Entrepreneurs always have two things to sell: they have the product they create; and they have the knowledge that went into creating that product.
Both of those things are valuable.
If you had built a successful website that matched local tour guides to tourists-in-the-making, for example, then you might have a valuable product. (Don’t get excited. It’s been done.)
But the lessons that building that site would have taught you about website optimization, marketing, fund-raising, copywriting, outsourcing and a whole host of other techniques could all help someone else do the same thing… and can all make you money.
It’s likely too that creating that product would be a lot easier than building your business in the first place. Information products don’t even have to be physical. In fact, digital products often sell for far higher amounts than hard copy books.
Why that might be is an interesting quirk for economists to puzzle over. Physical books go through rigorous selection processes. They’re edited, printed, professionally designed and expensively marketed. And yet they still rarely sell for more than $25, giving an author who might have sweated over the manuscript for months little more than a dollar a copy — assuming, that is, he sees past the advance. Most don’t.
Digital products, on the other hand, can sell for hundreds and even thousands of dollars, most of which ends up in the creator’s pocket. They can be written and placed on the market by anyone, few are edited and many are poor. A buyer has to depend on nothing more than a giant sales letter he hasn’t read and testimonials from people he’s never heard of to trust that the money he’s paying will buy him the foundation of his new business, rather than slightly less space on his hard drive.
And yet they sell, generating large amounts of income for entrepreneurs and analysts who understand that what they know is sometimes more valuable than what they do.
There are a number of ways to do it.
Clickbank — Your Friendly Downloadable Shopping Mall
The easiest is to post your product on Clickbank, an online mall for downloadable products. For publishers, the site offers a couple of advantages.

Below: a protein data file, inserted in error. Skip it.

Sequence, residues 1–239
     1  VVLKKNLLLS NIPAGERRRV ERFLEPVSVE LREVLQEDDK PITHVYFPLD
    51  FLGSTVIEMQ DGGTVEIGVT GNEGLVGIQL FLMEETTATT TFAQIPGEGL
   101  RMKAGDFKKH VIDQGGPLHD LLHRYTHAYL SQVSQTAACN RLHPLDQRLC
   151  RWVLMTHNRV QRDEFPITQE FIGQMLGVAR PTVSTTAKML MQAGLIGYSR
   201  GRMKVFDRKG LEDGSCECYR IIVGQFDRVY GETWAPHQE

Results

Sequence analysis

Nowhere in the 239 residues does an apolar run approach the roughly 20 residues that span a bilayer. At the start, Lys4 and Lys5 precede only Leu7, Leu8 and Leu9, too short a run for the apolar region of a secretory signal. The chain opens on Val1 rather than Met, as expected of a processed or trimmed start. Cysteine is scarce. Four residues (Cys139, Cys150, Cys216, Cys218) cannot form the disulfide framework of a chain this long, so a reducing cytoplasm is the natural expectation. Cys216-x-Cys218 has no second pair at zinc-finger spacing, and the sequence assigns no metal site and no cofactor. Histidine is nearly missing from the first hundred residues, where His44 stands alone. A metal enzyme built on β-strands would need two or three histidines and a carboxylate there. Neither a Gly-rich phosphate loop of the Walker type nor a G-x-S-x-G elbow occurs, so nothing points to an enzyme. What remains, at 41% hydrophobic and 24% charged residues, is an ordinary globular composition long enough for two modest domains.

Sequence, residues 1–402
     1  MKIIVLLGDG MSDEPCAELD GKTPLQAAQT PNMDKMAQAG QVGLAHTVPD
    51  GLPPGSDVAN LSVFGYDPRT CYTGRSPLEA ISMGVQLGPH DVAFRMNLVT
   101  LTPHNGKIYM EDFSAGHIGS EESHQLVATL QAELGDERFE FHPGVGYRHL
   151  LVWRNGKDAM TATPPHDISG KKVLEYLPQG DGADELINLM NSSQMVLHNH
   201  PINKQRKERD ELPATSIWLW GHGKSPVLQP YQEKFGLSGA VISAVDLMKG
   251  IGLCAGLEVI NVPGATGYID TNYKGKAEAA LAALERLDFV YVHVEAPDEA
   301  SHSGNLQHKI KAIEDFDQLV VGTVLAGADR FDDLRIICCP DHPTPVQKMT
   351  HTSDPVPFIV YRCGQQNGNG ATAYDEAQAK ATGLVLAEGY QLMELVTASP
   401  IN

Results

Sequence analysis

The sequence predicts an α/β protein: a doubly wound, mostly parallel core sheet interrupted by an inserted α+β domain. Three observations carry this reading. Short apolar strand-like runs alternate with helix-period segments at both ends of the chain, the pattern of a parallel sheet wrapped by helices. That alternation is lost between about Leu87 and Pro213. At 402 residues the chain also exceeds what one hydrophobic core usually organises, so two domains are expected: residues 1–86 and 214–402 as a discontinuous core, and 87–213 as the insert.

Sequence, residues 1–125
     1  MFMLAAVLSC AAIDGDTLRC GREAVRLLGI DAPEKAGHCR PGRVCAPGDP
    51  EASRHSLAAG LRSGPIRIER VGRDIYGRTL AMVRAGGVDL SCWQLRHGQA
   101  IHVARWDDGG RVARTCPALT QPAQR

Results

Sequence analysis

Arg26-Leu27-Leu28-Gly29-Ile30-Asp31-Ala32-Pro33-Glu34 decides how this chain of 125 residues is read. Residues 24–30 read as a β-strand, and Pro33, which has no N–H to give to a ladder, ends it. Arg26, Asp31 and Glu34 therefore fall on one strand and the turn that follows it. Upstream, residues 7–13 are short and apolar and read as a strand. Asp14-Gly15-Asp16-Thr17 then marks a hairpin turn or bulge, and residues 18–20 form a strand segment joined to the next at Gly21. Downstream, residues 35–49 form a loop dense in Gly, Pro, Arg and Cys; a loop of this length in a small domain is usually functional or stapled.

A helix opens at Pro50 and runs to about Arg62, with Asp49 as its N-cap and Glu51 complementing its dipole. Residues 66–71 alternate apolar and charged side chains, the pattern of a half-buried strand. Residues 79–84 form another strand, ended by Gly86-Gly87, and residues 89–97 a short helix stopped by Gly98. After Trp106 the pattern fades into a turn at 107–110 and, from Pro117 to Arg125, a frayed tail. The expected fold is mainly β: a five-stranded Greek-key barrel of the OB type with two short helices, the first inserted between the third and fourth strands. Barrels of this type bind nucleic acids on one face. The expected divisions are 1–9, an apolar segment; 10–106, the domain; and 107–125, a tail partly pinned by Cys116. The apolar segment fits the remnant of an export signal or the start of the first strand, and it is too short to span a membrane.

First, it’s open to everyone. You won’t have to write a persuasive query letter or talk your way past a commissioning editor to get your book on the shelves. That makes it a good place to start.
And the second is that it’s marketed to marketers as much as to buyers. Clickbank makes its money by encouraging website publishers to promote the products it “stocks” as affiliates.
That makes the sales relatively easy too.
The downside is the pricing. Clickbank caps the amount publishers can charge at $50, although it might be willing to stretch this to $200.
That sounds like a lot in comparison to traditional publishing but if buyers are willing to pay more, Clickbank’s easy uploading and marketing could turn out to be fairly expensive.
Become a Guru
An alternative to Clickbank is to market the product yourself — and market yourself at the same time. The Web is filled with business experts who speak at conferences and use those appearances to promote products that can also be downloaded online. Freed from the restrictions of Clickbank, they can charge whatever they think the market will bear.
AdSense expert Joel Comm, for example, first made his name selling an e-book containing his strategies for $97 — almost four times the price of his hard copy version.
The real money for gurus though lies in the orders for the sort of physical products audience members can pick up at conferences. David Garfinkel’s copywriting course, for example, is described as a steal when you can pay for it in three “easy installments of just $347 each.”
But in addition to a physical book, you also get a stack of CDs, DVDs and transcripts for that price. That’s a lot harder to produce than a digital product, even if a low-cost digital product is often used to promote it.
Become a Sherpa
If you want to get in on the really high-paying downloadable materials though, you need to leave the world of self-promotion and head for analysis. This is where the big bucks really are… not least because this is where the valuable information is.
Some of the e-books available on Marketing Sherpa, for example, make exactly the same promises as those sold by the likes of uber-marketers Armand Morin and Jeff Walker. “Landing Page Optimization for Ecommerce” could easily have been titled “Boost Conversions By 816% With Unbeatable Landing Pages!” but it sells for just under $1,000, the sort of price that would have a guru outsourcing hours of box-stuffing.
The difference is Marketing Sherpa’s apparent reliability. The company tells publishers to drop the hype, raise the proof and use the sort of language more often found in business schools.
It makes their products look researched rather than cobbled together by a guru and a ghostwriter, which means that people are more confident that they’ll get the results — and more willing to spend more money on them.
All of that though pales into insignificance when you look at the amount polling firms charge for their digital products. While these aren’t the sort of books that you can produce on the strength of the experience you picked up marketing your website, they are worth a lot of money. Gallup’s World Poll, for example, is available online to anyone prepared to spend $28,500.
At that price we’ll have two… and a $200 subscription to esurveyspro.com.